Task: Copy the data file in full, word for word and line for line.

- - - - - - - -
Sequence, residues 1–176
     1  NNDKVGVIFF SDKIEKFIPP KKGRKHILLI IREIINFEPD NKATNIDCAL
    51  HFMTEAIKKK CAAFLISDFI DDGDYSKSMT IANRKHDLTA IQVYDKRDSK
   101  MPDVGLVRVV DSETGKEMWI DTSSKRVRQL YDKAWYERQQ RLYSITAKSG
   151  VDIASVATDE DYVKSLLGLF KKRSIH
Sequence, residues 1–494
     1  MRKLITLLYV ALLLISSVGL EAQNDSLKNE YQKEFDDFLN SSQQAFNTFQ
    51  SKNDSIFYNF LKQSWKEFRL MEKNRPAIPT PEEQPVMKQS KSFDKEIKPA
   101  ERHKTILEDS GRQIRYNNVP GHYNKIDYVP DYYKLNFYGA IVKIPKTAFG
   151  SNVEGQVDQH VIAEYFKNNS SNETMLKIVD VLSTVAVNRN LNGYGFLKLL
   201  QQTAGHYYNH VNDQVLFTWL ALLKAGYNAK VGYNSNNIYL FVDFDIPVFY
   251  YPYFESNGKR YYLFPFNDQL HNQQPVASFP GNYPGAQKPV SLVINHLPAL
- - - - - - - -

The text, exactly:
Sequence, residues 1–176
     1  NNDKVGVIFF SDKIEKFIPP KKGRKHILLI IREIINFEPD NKATNIDCAL
    51  HFMTEAIKKK CAAFLISDFI DDGDYSKSMT IANRKHDLTA IQVYDKRDSK
   101  MPDVGLVRVV DSETGKEMWI DTSSKRVRQL YDKAWYERQQ RLYSITAKSG
   151  VDIASVATDE DYVKSLLGLF KKRSIH
Sequence, residues 1–494
     1  MRKLITLLYV ALLLISSVGL EAQNDSLKNE YQKEFDDFLN SSQQAFNTFQ
    51  SKNDSIFYNF LKQSWKEFRL MEKNRPAIPT PEEQPVMKQS KSFDKEIKPA
   101  ERHKTILEDS GRQIRYNNVP GHYNKIDYVP DYYKLNFYGA IVKIPKTAFG
   151  SNVEGQVDQH VIAEYFKNNS SNETMLKIVD VLSTVAVNRN LNGYGFLKLL
   201  QQTAGHYYNH VNDQVLFTWL ALLKAGYNAK VGYNSNNIYL FVDFDIPVFY
   251  YPYFESNGKR YYLFPFNDQL HNQQPVASFP GNYPGAQKPV SLVINHLPAL